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Australia develops tool to predict spread of infectious diseases, dengue fever

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Rayyan Alhassanhttps://dailynigerian.com/author/rayyan/
Rayyan Alhassan is a graduate of Journalism and Mass Communication at Sikkim Manipal University, Ghana. He is the acting Managing Editor at the Daily Nigerian newspaper, a position he has held for the past 3 years. He can be reached via [email protected], or www.facebook.com/RayyanAlhassan, or @Rayyan88 on Twitter.
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Australia’s national science agency has developed a tool capable of tracing and predicting the spread of infectious diseases such as dengue fever and others.

The tool was developed by researchers from Data61, the data science arm of the Commonwealth Scientific and Industrial Research Organisation, CSIRO, and draws on data from the International Air Transportation Association, IATA, to track the spread of diseases.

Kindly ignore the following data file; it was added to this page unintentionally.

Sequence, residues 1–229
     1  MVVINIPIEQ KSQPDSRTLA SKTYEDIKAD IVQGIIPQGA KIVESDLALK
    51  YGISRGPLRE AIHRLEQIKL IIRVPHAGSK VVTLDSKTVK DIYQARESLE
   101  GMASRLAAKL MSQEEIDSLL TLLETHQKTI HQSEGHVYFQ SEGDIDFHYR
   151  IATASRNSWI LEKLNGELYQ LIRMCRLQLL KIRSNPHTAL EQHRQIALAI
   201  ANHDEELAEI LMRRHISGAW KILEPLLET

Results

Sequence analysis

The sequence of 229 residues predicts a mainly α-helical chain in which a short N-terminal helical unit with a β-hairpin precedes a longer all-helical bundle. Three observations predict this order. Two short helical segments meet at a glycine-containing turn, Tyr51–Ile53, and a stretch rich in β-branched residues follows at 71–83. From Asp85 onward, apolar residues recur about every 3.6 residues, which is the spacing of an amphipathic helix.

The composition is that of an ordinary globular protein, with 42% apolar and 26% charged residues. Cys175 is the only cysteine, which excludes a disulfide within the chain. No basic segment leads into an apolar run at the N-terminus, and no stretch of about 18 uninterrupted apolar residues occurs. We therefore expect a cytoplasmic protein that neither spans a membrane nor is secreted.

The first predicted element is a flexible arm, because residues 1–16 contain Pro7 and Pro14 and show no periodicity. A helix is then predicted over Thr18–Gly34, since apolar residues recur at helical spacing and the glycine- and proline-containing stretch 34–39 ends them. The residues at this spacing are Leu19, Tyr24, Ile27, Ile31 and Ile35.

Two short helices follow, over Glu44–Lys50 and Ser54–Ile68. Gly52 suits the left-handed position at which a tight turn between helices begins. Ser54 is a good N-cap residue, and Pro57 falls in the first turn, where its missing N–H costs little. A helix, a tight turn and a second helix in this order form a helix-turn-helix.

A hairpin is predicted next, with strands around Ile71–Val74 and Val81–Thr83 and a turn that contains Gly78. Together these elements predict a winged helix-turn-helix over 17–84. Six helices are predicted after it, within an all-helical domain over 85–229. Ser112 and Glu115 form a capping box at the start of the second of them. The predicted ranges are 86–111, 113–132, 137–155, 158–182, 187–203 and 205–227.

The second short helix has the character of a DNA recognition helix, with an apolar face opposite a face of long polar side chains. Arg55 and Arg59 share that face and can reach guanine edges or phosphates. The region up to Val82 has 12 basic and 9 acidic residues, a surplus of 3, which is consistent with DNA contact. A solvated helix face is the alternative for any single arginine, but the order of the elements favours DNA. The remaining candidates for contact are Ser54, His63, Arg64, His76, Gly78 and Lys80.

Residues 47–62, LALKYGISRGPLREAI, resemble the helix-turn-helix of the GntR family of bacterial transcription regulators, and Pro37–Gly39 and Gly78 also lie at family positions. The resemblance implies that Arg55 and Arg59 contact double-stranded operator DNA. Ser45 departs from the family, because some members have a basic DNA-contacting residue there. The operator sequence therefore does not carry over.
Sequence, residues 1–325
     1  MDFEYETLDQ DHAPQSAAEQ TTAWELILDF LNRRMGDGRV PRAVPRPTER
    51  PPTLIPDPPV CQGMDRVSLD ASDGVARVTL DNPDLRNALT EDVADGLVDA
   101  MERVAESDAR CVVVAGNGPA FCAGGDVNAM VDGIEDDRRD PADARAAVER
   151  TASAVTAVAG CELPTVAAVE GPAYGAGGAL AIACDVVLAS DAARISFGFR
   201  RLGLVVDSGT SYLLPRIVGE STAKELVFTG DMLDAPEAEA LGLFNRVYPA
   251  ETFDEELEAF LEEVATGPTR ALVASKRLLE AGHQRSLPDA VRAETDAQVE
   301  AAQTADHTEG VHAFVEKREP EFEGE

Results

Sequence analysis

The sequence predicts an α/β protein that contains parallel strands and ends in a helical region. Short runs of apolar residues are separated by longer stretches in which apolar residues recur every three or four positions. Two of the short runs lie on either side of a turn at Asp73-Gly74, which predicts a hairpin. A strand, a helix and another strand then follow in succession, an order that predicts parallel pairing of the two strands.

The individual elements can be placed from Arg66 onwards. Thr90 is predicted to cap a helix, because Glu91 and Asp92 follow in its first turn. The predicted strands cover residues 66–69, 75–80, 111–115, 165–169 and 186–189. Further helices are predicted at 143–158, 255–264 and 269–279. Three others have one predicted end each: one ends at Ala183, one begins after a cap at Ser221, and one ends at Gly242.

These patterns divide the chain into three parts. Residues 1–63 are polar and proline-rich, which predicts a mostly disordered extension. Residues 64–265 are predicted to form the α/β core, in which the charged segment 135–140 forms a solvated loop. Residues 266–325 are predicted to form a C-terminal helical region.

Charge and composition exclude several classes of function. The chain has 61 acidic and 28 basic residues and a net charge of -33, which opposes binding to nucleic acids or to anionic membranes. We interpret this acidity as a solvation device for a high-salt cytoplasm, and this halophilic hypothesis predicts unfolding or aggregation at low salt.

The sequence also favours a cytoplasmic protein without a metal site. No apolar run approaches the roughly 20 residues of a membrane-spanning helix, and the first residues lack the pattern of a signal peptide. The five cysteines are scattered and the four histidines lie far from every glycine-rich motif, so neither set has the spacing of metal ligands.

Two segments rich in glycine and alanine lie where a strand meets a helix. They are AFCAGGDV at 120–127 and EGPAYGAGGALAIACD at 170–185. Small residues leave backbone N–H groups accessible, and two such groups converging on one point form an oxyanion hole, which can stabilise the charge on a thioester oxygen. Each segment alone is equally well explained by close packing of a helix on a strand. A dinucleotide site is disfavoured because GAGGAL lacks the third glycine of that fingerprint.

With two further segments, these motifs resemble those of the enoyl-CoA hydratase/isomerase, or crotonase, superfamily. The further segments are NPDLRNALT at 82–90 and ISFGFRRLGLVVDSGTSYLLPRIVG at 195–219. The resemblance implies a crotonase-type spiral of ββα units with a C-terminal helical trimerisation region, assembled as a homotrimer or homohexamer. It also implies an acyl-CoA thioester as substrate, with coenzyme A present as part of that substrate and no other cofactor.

Outbreaks of dengue fever, a mosquito-borne disease, are often triggered in non-endemic countries such as Australia when individuals contract it overseas and transmit the virus to local mosquitoes.

“According to the World Health Organisation, around half the world’s population is at risk of contracting dengue,” Jess Liebig, a postdoctoral fellow from Data61, said in a media release.

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“By understanding the travel behaviour of infected individuals, we can estimate the number of infections that are imported into different countries each month.

“The tool also determines the infections’ country of origin and is able to uncover the routes along which dengue is most likely spread.”

The tool was developed in partnership with the Queensland University of Technology, QUT.

According to its data, the flight path between Puerto Rico and Florida in the U.S. has the highest number of dengue-infected travelers.

“According to recent studies, around 92 per cent of symptomatic infections are not reported to health authorities mainly due to low awareness levels and misdiagnosis,” Prof. Raja Jurdak from QUT said.

“Our tool is one of the first to be able to forecast the absolute number of dengue importations, rather than the relative risk, at a global level.”

Xinhua/NAN

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